A new phishing technique can leverage the “file archiver in browser” exploit to emulate an archiving software in the web browser when a victim visits a .zip domain, according to a security researcher identifying as mr.d0x.
The attacker essentially simulates a file archiving software like WinRaR in the browser and masks it under the .zip domain to stage the phishing attack.
“Performing this attack first requires you to emulate a file archive software using HTML/CSS,” said mr.d0x in a blog post. “I’ve uploaded two samples to my GitHub for anyone to use. While the first one emulates the WinRAR file archive utility, the other one emulates the Windows 11 File Explorer window.”
Technique identified after Google’s new TLDs
The technique came to light days after Google released eight new top-level domains (TLD), including .mov and .zip. Many members of the security community began raising their concerns over the new TLDs that can be mistaken for file extensions, specifically, .mov and .zip., as pointed out by Mr.d0x.
The reason behind this is that both .zip and .mov are valid file extensions, which can lead to confusion among unsuspecting users. They might mistakenly visit a malicious website instead of opening a file, inadvertently downloading a malware in the process.
The confusion between domain names and file names has had mixed reactions in terms of the risks it poses, but almost everyone agrees that it can be expected to equip bad actors in some capacity to deploy another vector of phishing.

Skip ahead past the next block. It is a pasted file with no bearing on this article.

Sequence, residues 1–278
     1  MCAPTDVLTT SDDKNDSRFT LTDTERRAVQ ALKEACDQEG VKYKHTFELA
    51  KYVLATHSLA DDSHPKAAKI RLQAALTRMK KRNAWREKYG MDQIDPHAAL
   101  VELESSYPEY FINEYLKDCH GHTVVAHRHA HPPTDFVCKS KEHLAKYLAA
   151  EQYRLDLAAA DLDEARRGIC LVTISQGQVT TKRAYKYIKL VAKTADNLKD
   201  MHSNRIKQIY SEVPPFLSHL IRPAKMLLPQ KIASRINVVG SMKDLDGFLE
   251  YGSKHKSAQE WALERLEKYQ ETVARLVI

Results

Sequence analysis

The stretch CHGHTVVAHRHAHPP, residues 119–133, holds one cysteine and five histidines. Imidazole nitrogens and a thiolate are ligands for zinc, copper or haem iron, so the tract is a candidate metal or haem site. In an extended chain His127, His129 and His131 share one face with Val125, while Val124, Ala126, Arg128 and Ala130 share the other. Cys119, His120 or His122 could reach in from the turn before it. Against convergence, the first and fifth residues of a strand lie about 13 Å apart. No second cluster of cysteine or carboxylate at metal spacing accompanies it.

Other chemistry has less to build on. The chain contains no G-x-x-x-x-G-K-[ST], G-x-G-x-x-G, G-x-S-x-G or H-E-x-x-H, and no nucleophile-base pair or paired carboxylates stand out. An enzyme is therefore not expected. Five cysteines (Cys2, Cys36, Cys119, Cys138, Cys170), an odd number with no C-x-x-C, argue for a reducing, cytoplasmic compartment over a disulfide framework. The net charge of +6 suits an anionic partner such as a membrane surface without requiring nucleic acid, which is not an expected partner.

“The newly launched TLDs provide attackers with more opportunities for phishing. It’s highly recommended for organisations to block .zip and .mov domains as they are already being used for phishing and will likely only continue to be increasingly used,” mr.d0x added.
The hack has multifold use cases
As demonstrated in his blog, mr.d0x has identified advantages of using the .zip simulation for phishers as it provides several “cosmetic features” for them. His WinRaR sample, for instance, has a “scan” icon to provide the legitimacy of files. It also features an “extract to” button that can be used for dropping in payloads.
Also, “once the simulation content is set up on the miscreants’ .zip domain, they have several possibilities to trick the users,” mr.d0x said.
One sample use case mr.d0x demonstrated is to harvest credentials by having a new webpage open when a file is clicked. This redirection can lead to a phishing page that has the necessary tools to steal sensitive credentials.
Another demonstrated use case “is listing a non-executable file and when the user clicks to initiate a download, it downloads an executable file.” For instance, an “invoice.pdf” file can, when clicked, initiate downloading a .exe or any other file.
On Twitter, a number of individuals also highlighted that the search bar in Windows File Explorer can serve as an effective means of delivering malicious content. In this scenario, when a user searches for a non-existent .zip file on their machine, as directed by a phishing email, the search bar results will automatically display and open the malicious browser-based .zip domain.